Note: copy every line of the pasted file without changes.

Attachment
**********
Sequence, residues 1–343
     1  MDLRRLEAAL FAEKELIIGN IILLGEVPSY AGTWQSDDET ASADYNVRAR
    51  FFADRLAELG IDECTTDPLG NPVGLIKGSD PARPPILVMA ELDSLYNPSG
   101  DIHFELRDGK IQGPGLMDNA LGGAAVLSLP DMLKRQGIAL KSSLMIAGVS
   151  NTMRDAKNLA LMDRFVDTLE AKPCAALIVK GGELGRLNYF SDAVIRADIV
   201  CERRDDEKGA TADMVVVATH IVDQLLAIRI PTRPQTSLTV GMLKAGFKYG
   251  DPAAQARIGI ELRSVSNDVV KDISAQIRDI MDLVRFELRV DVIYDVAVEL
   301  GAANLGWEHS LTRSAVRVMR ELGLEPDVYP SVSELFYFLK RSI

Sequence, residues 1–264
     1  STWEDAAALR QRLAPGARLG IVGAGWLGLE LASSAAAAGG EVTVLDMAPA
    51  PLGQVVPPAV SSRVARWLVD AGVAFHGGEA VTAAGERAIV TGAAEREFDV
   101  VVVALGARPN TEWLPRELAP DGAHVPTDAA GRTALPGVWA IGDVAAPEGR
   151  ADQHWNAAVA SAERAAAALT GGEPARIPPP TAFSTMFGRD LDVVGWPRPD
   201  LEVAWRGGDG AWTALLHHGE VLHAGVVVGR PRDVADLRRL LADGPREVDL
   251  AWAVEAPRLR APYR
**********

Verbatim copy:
Sequence, residues 1–343
     1  MDLRRLEAAL FAEKELIIGN IILLGEVPSY AGTWQSDDET ASADYNVRAR
    51  FFADRLAELG IDECTTDPLG NPVGLIKGSD PARPPILVMA ELDSLYNPSG
   101  DIHFELRDGK IQGPGLMDNA LGGAAVLSLP DMLKRQGIAL KSSLMIAGVS
   151  NTMRDAKNLA LMDRFVDTLE AKPCAALIVK GGELGRLNYF SDAVIRADIV
   201  CERRDDEKGA TADMVVVATH IVDQLLAIRI PTRPQTSLTV GMLKAGFKYG
   251  DPAAQARIGI ELRSVSNDVV KDISAQIRDI MDLVRFELRV DVIYDVAVEL
   301  GAANLGWEHS LTRSAVRVMR ELGLEPDVYP SVSELFYFLK RSI

Sequence, residues 1–264
     1  STWEDAAALR QRLAPGARLG IVGAGWLGLE LASSAAAAGG EVTVLDMAPA
    51  PLGQVVPPAV SSRVARWLVD AGVAFHGGEA VTAAGERAIV TGAAEREFDV
   101  VVVALGARPN TEWLPRELAP DGAHVPTDAA GRTALPGVWA IGDVAAPEGR
   151  ADQHWNAAVA SAERAAAALT GGEPARIPPP TAFSTMFGRD LDVVGWPRPD
   201  LEVAWRGGDG AWTALLHHGE VLHAGVVVGR PRDVADLRRL LADGPREVDL
   251  AWAVEAPRLR APYR